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Analysis of the host response to anthrax lethal toxin suggests some current treatment strategies are inappropriate

Anthrax, a disease previously primarily relevant to the livestock-management community recently became a wordwide bioterrorism concern. However, human anthrax infection is primarily a result of direct or indirect contact with infected animals or exposure to contaminated animal products.

Bacillus anthracis, the causative agent of anthrax, is believed to induce disease and death in humans in an endotoxic shock-like manner.

A comprehensive study of the effects of anthrax lethal toxin in mice by Stephen Leppla and colleagues at the National Institutes of Health demonstrated that toxin-induced death does not result from septic shock mediated by cytokine release as previously thought, but via hypoxia-induced liver failure.

The study strongly suggests that the therapies developed for the treatment of cytokine-mediated septic shock will not be appropriate for the treatment of anthrax.

In an accompanying commentary, Alice Prince from Columbia University College of Physicians and Surgeons in New York states that "this analysis of the pathological effects of the B. anthracis lethal toxin should help focus future studies of optimal therapy for patients exposed to this organism.

These results make clear that anthrax patients exhibit a unique pathophysiology and should not be considered to have generic shock analogous to Gram-negative sepsis". Prince continues "exactly how the lethal factor produces such profound tissue hypoxia, what metabolic processes are affected in the liver and elsewhere, and how these effects may be blocked will require further studies".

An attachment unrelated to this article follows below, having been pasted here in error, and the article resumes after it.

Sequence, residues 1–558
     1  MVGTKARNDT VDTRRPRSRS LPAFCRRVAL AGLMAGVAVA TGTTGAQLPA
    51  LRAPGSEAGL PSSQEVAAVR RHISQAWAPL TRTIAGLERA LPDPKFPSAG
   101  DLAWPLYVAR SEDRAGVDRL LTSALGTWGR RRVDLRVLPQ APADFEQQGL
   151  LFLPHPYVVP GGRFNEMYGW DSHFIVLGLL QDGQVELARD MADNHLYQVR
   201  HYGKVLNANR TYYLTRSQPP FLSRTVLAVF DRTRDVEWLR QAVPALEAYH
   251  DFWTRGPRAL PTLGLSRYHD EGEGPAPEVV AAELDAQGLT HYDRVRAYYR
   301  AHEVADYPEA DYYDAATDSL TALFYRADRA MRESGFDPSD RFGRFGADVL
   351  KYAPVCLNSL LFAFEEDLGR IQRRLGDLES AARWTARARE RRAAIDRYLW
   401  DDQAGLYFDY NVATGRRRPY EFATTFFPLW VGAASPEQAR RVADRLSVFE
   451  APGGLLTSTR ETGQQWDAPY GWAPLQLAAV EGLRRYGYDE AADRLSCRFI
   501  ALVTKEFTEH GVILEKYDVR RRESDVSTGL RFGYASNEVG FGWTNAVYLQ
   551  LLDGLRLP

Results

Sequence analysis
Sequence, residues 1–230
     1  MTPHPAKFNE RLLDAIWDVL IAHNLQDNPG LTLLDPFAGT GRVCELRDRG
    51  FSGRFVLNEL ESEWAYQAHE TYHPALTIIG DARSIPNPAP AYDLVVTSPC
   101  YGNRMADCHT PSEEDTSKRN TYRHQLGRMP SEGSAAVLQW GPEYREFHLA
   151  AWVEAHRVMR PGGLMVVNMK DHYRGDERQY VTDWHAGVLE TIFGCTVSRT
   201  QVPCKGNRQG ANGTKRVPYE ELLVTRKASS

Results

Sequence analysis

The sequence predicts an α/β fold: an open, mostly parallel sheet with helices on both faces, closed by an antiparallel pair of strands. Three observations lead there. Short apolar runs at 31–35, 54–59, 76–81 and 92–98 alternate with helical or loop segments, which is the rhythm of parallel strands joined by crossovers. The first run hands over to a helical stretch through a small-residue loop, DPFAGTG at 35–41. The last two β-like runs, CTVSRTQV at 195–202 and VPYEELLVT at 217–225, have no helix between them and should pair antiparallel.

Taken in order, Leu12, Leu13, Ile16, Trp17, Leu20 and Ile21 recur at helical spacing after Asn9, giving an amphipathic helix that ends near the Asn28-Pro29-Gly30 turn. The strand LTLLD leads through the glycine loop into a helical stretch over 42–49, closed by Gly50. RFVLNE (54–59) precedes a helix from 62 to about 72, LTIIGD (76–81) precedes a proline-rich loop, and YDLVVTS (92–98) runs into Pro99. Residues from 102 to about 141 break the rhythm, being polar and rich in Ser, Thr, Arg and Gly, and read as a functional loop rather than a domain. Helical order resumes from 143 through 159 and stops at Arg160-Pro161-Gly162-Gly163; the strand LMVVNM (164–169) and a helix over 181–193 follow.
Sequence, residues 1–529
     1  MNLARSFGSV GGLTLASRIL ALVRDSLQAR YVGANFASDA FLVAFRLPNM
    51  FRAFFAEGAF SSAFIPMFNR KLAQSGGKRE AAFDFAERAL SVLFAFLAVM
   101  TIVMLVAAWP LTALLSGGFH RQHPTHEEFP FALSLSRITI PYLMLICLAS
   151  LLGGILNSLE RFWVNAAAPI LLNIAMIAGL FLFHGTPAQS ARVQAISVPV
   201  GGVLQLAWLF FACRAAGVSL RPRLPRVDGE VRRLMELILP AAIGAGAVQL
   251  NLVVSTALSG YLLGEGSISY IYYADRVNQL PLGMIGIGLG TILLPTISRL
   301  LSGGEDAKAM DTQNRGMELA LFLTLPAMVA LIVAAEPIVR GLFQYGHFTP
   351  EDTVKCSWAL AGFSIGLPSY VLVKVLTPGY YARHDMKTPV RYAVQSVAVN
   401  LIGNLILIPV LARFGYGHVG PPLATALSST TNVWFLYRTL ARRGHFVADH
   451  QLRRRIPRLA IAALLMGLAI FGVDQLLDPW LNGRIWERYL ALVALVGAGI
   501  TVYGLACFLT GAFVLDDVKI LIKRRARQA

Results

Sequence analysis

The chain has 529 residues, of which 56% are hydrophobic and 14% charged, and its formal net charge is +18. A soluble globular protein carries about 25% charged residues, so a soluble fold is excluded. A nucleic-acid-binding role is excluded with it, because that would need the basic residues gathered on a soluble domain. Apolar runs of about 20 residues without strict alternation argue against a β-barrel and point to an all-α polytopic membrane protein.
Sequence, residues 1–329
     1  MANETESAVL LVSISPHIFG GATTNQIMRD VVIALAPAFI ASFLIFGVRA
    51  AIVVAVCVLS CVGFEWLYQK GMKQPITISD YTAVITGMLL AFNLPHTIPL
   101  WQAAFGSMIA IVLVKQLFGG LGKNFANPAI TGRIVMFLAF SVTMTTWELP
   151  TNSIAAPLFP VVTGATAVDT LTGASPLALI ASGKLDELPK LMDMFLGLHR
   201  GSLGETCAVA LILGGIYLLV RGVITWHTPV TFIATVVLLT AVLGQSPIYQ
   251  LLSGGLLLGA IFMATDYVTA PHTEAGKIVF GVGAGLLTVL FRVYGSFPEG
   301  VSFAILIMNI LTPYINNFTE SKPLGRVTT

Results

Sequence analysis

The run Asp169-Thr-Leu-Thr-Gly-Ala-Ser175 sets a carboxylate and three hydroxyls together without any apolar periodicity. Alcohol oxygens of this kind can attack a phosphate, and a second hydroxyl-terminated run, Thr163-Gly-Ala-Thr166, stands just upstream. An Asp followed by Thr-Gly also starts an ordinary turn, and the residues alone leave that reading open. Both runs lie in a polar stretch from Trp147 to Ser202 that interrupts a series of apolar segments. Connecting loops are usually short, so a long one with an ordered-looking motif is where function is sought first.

TITLE: Bacillus anthracis lethal toxin induces TNF-alpha-independent hypoxia-mediated toxicity in mice

AUTHOR CONTACT:
Stephen Leppla
National Institutes of Health, Bethesda, Maryland, USA
Phone: 301-594-2865
Fax: 301-480-0326
E-mail: Leppla@nih.gov
View the PDF of this article at: https://www.the-jci.org/press/17991.pdf

ACCOMPANYING COMMENTARY:
The host response to anthrax lethal toxin: unexpected observations

AUTHOR CONTACT:
Alice S. Prince
Columbia University College of Physicians and Surgeons, New York, New York, USA
Phone: 212-305-4193
Fax: 212-305-2284
E-mail: asp7@columbia.edu
View the PDF of this commentary at: https://www.the-jci.org/press/19581.pdf

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Safely achieving tolerance to stem cell transplantation

Dale Greiner and colleagues at the University of Massachusetts have developed a protocol for achieving stem cell transplantation that is not limited by significant patient side-effects and may not necessarily require that donor blood, bone marrow or whole organs are a "match" with the recipient -- characteristics that make these new procedures highly attractive for development and use in clinical human transplantation.